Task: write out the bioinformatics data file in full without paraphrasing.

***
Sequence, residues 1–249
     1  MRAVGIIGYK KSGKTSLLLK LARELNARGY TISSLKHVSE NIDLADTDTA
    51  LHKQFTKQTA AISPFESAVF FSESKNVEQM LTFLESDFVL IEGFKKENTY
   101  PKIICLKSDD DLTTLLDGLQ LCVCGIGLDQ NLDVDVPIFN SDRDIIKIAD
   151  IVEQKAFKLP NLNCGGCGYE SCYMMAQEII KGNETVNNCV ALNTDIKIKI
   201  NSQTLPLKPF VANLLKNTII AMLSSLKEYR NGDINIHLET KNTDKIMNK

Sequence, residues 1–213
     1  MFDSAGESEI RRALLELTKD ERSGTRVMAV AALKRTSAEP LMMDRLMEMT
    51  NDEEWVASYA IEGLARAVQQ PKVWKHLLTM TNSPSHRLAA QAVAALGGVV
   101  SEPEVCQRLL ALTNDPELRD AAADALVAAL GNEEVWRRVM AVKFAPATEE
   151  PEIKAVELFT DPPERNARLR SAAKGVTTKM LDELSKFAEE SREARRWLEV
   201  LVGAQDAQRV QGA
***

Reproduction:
Sequence, residues 1–249
     1  MRAVGIIGYK KSGKTSLLLK LARELNARGY TISSLKHVSE NIDLADTDTA
    51  LHKQFTKQTA AISPFESAVF FSESKNVEQM LTFLESDFVL IEGFKKENTY
   101  PKIICLKSDD DLTTLLDGLQ LCVCGIGLDQ NLDVDVPIFN SDRDIIKIAD
   151  IVEQKAFKLP NLNCGGCGYE SCYMMAQEII KGNETVNNCV ALNTDIKIKI
   201  NSQTLPLKPF VANLLKNTII AMLSSLKEYR NGDINIHLET KNTDKIMNK

Sequence, residues 1–213
     1  MFDSAGESEI RRALLELTKD ERSGTRVMAV AALKRTSAEP LMMDRLMEMT
    51  NDEEWVASYA IEGLARAVQQ PKVWKHLLTM TNSPSHRLAA QAVAALGGVV
   101  SEPEVCQRLL ALTNDPELRD AAADALVAAL GNEEVWRRVM AVKFAPATEE
   151  PEIKAVELFT DPPERNARLR SAAKGVTTKM LDELSKFAEE SREARRWLEV
   201  LVGAQDAQRV QGA